Copyright and Your Course Materials
In our last Communiqué, we brought to your attention an issue with commercial websites selling course content. In this issue, we’d like to answer some of your questions. For more information, see this fact sheet from CAUT.
What’s happening with my course materials?
Sites like OneClass and Course Hero sell material related to specific courses to university and college students. OneClass, for example, has created an online database containing tests, lab reports, class notes and other documents. These materials are available to students for a subscription fee. Students who provide materials receive gift cards in return.
Note: some reuse may be covered by fair dealing.
What is the harm?
These sites upload and sell documents without the permission of, or payment to, the academic staff member responsible for their original creation. In some cases, this constitutes copyright infringement. It also may encourage unauthorized recording of classroom activities.
It also raises concerns about self-censorship and academic freedom.
What can I do?
There are several actions that you can and should take in response to this issue:
- Be aware of the risk to your course material.
- Visit the websites of these course content aggregators to determine if material from your course is present.
- Make direct inquiries to the business about the presence of your material.
- Request that material be removed from the website.
The Employer has recommended that you include the following language in your syllabus:
“I would like to remind you that my lectures and course materials, including power point presentations, outlines, and similar materials, are protected by copyright. I am the exclusive owner of copyright and intellectual property in the course materials. You may take notes and make copies of course materials for your own educational use. You may not and may not allow others to reproduce or distribute lecture notes and course materials publicly for commercial purposes without my express written consent.”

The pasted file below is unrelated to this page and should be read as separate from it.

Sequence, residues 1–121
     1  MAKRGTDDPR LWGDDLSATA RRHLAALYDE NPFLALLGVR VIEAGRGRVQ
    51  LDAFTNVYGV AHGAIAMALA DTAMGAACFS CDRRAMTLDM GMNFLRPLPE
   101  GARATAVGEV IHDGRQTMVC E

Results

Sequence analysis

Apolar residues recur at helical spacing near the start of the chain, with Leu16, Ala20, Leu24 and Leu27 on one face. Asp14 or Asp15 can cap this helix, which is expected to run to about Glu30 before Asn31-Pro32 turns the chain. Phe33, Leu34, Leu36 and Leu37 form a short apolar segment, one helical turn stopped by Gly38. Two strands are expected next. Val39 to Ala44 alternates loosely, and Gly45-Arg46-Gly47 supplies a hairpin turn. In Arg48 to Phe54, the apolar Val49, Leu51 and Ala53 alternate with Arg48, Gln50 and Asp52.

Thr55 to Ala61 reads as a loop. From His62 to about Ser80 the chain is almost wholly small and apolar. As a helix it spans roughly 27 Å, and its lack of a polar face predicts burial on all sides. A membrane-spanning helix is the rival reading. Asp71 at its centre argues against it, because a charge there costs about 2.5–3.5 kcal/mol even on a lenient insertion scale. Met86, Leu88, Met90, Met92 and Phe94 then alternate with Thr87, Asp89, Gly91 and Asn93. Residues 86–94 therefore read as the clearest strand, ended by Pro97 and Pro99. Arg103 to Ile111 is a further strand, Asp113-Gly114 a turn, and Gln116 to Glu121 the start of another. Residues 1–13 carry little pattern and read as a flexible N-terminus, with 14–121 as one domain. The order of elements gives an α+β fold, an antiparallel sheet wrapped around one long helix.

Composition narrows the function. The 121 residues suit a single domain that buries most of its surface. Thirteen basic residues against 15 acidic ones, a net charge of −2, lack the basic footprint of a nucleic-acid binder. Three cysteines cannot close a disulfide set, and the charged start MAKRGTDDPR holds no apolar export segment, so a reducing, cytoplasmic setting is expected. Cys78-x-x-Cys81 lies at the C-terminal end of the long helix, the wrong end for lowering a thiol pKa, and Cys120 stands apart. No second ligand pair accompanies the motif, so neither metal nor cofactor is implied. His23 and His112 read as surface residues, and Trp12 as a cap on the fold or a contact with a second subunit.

You should also include a copyright notice on course materials used in class. Although these measures will not prevent unauthorized reuse of materials, it will remind students of faculty ownership of copyright and of students’ obligations to respect those rights.
Reading of Accommodation Statement
It has come to the attention of the Association that a directive has been issued to some course instructors that an accommodation statement (distributed by the VP Teaching and Learning) needs to be read aloud during the first class in September.
We understand that members have concerns with Employer interference with their classroom activities and the deviation from established practices. The Association strongly recommends complying with this directive until the Association is able to more thoroughly investigate the potential implications of this directive and consult meaningfully with the Employer. In the meantime, concerns should be directed to the CUASA office.
LTD Rate Reduction Correction
Our last Communiqué indicated that there would be a premium reduction effective August 1, 2015. The premium reduction will actually be effective October 1, 2015 (for the October 15 pay). We apologize for the confusion. The premium rates will be reduced from 1.005% of salary to 0.804% of salary.
LTD rates are normally negotiated between CUASA, the Employer and Great West Life in February of each year. It is possible that the premium rate may change again at that time.
If you have any questions, please contact CUASA or Human Resources.
This is a brief reminder that an update regarding the FASS workload policy was published in the last issue of the Communiqué. For more information, please contact the CUASA office.
Maclean’s is in the process of reworking their annual survey of universities in order to better reflect what is actually going on at universities for instructors and students.
A new survey of university faculty, which is being promoted by the Canadian Association of University Teachers, is part of this initiative. The new survey explores such issues as corporate influence in research, pressure to sign non-disclosure agreements and sexism in academia.
If you’d like to participate, the survey is available in both English and French: